The history of fuel cell (FC) begins with Sir William Grove who completed experiments on the electrolysis of water in 1839.
From 1889 until the early twentieth century, many people tried to produce a FC that could convert coal or carbon to electricity directly. These attempts failed because not enough was known about materials or electricity.
In 1932, Francis Bacon developed the first successful FC. He used hydrogen, oxygen, an alkaline electrolyte, and nickel electrodes. In 1952, Bacon and a co-worker produced a 5-kW fuel cell system.
The large boost in FC technology came from NASA. In the late 1950's, NASA needed a compact way to generate electricity for space missions. Nuclear was too dangerous, batteries too heavy, and solar power too cumbersome. The answer was FCs. NASA went on to fund 200 research contracts for FC technology.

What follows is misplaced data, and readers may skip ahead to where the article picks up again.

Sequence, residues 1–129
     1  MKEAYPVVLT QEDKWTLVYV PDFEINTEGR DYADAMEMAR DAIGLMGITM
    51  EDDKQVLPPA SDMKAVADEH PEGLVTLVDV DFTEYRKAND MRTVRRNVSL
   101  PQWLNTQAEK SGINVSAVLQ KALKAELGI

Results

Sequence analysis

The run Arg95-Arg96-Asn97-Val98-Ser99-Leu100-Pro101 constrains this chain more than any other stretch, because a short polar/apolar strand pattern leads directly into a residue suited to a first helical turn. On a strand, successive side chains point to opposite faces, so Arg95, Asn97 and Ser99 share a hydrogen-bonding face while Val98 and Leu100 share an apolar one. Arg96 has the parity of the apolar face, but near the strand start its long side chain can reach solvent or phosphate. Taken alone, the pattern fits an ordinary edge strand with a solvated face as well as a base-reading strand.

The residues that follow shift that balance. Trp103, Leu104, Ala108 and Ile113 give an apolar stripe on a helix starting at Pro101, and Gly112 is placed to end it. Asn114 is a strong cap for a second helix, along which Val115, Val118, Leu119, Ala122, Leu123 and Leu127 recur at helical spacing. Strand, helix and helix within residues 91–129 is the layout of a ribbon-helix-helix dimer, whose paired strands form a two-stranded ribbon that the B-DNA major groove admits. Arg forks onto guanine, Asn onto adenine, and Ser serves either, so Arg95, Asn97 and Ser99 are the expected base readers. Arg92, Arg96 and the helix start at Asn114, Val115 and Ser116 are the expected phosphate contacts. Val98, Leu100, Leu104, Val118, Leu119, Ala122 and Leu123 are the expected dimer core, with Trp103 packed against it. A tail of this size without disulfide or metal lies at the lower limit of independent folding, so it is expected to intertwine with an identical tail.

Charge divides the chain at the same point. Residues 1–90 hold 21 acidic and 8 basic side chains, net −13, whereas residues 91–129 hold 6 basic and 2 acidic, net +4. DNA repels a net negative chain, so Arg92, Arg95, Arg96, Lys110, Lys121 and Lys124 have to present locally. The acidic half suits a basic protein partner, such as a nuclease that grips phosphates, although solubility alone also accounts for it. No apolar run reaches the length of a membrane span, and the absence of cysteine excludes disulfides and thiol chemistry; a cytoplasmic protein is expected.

Both the alkaline and polymer electrolyte fuel cells have demonstrated their capabilities in the Apollo, Gemini and Space Shuttle manned space vehicle programs.
The major efforts are presently focused on developing stationary power units and power systems for transportation applications, i.e. electric vehicles.
There are presently five major fuel cell types: alkaline fuel cell (AFC), molten carbonate fuel cell (MCFC), phosphoric acid fuel cell (PAFC), polymer electrolyte fuel cell (PEMFC), and solid fuel cell (SOFC)
See also: History and life of a fuel cell